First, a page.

var numbers = Array(1...15)

// Find the indices of all the even numbers
let indicesOfEvens = numbers.subranges(where: { $0.isMultiple(of: 2) })

// Perform an operation with just the even numbers
let sumOfEvens = numbers[indicesOfEvens].reduce(0, +)
// sumOfEvens == 56
// You can gather the even numbers at the beginning
let rangeOfEvens = numbers.moveSubranges(indicesOfEvens, to: numbers.startIndex)
// numbers == [2, 4, 6, 8, 10, 12, 14, 1, 3, 5, 7, 9, 11, 13, 15]
// numbers[rangeOfEvens] == [2, 4, 6, 8, 10, 12, 14]

Increase Availability of Implicit self in @escaping Closures when Reference Cycles are Unlikely to Occur

Currently in closures we need to use explicit self even in some cases where reference cycles are unlikely to happen, for example because we already captured self in the current closure:

pic courtesy: medium.com

To make our code compile we need to add explicit self to x in order to reference it.

Refine didSet Semantics

Currently, if we have a property with a “didSet” observer, the getter to get the oldValue is always called, even if observer doesn’t contain any reference to the oldValue in its body, for example the following code

struct Container {
  var items: [Int] = .init(repeating: 1, count: 100) { //creates an Array of 100 elements 
    didSet {
      print("value set")//oldValue never Accessed
    }
  }
  
  mutating func update() {
    for index in 0..<items.count {
      items[index] = index + 1
    }
  }
}

var container = Container()
container.update()

creates 100 copies of the array in the memory to provide the oldValue, even though they’re not used at all, causing performance issues.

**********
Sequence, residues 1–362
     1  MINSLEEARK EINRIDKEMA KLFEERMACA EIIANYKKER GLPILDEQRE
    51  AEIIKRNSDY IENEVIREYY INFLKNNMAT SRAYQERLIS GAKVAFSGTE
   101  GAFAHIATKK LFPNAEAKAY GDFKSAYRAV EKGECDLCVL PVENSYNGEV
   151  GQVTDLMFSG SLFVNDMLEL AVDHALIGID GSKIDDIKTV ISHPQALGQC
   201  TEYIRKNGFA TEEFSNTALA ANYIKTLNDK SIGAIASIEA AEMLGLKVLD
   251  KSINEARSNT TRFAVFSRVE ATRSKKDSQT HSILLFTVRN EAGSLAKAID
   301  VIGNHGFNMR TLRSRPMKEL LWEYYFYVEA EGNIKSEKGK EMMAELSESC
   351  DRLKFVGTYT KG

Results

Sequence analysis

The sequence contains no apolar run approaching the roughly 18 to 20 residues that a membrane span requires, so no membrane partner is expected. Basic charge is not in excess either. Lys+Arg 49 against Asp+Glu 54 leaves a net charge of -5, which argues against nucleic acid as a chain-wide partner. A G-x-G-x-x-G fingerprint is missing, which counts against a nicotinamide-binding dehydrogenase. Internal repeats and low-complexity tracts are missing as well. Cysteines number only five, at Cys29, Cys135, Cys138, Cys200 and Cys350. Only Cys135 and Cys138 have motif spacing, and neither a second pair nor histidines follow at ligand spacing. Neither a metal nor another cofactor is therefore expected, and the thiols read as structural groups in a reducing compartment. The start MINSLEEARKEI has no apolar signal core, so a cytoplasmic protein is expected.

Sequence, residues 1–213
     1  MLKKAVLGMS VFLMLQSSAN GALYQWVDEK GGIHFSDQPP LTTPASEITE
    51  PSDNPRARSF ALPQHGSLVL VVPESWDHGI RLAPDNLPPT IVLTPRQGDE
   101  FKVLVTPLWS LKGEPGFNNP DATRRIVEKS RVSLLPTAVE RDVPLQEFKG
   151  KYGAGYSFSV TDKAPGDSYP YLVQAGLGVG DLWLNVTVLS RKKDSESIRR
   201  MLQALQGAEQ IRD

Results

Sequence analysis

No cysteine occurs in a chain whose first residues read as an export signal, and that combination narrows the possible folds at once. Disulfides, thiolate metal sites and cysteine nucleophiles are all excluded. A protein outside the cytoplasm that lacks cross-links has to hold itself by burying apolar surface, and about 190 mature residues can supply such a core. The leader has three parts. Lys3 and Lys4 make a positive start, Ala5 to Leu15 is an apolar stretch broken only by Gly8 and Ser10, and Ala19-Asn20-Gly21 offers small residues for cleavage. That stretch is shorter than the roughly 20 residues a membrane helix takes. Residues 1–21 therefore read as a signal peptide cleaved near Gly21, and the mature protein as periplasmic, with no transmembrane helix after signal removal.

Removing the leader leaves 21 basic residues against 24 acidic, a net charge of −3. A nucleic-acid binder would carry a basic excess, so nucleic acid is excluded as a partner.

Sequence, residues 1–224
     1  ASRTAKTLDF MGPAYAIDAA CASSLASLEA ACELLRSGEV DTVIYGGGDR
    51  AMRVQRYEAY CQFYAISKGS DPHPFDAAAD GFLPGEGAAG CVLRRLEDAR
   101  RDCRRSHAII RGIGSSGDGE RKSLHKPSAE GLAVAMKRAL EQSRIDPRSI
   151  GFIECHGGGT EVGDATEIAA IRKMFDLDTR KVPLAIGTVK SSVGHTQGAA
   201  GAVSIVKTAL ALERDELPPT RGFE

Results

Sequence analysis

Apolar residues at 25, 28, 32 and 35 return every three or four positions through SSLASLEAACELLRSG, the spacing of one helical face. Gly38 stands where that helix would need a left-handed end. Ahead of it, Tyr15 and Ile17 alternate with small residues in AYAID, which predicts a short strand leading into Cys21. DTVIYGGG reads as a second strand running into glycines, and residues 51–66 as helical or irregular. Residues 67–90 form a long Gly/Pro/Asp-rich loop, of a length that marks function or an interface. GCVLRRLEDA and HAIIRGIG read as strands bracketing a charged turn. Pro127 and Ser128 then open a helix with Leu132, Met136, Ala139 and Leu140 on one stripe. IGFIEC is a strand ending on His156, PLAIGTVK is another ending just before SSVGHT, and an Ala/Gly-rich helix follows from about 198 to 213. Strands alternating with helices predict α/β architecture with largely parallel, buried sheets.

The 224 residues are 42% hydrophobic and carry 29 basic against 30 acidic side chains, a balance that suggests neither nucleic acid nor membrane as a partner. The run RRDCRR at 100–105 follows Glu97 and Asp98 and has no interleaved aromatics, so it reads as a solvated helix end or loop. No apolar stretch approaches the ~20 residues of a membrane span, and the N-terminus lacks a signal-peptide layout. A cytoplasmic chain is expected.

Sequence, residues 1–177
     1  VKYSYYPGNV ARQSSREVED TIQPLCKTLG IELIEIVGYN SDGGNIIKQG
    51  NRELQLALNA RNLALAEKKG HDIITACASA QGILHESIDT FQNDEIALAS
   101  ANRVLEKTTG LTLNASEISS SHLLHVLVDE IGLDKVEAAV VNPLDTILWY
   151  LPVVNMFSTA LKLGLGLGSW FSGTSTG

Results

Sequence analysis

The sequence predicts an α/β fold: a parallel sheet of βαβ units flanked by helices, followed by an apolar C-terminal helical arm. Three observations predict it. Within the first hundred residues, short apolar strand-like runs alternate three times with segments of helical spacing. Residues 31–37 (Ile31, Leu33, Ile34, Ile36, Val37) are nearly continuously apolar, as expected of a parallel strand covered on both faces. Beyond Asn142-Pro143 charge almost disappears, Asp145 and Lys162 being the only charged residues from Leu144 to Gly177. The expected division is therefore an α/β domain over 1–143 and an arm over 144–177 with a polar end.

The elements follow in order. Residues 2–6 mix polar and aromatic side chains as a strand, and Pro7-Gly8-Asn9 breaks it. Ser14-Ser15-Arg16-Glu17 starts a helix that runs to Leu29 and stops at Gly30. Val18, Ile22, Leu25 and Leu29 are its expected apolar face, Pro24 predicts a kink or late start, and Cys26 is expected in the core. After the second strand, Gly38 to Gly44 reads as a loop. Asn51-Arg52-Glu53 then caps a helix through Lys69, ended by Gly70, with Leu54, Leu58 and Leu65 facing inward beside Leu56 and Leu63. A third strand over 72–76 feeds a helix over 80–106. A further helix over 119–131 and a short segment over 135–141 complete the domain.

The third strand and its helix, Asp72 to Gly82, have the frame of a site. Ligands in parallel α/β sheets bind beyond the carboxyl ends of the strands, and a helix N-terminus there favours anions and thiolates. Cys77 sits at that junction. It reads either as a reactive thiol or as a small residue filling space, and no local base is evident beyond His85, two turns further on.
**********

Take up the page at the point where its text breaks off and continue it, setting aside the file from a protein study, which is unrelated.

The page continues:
With SE-0268 the property getters will be no longer called if they’re not accessed within the didSet resulting in a performance boost.

class Foo {
  var bar = 0 {
    didSet { print("didSet called") }
  }

  var baz = 0 {
    didSet { print(oldValue) }
  }
}

let foo = Foo()
// This will not call the getter to fetch the oldValue
foo.bar = 1
// This will call the getter to fetch the oldValue
foo.baz = 2

Where Clauses on Contextually Generic Declarations

Currently a where clause on a member declaration can be used only by placing the member inside a specific extension, but this can sound confusing, let’s make an example.

Let’s say we want to extend the Array implementation to sort element of 3 different types, for which we want to define a different sorting logic.
Currently we would need to extend Array 3 times:

extension Array where Element == String {
    func sortStrings() { ... } //some specific sorting logic
}
extension Array where Element == Int {
    func sortInts() { ... } //some specific sorting logic
}
extension Array where Element: Equatable {
    func sort() { ... } //some specific sorting logic
}

With SE-0267 we can implement that logic by simply adding the where clause to the function in a single extension:

extension Array where Element: Equatable {
    func sort() { ... }

    func sortInts() where Element == Int { ... }

    func sortStrings() where Element == String { ... }
}

Synthesized Comparable Conformance for Enum Types

Let’s say we want to define an Enum whose cases have an obvious semantic order, for example:

enum SchoolGrades {
   case F         
   case E
   case D
   case C
   case B
   case A
}

If we try to compare its values we got the following error:

pic courtesy: medium.com

What’s wrong here?

In order to compare two Objects, they need to conform the Comparable protocol:

pic courtesy: medium.com

looking at the warning this will generate a loop, since the < function will be calling itself, therefore we need to compare the rawValues so that we can finally compare our grades.

pic courtesy: medium.com

This, is just a simple case, and it adds a lot of boilerplate code.

With SE-0266 this will not be necessary and we don’t need any additional code to compare Enums.

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Content Source:

  1. medium.com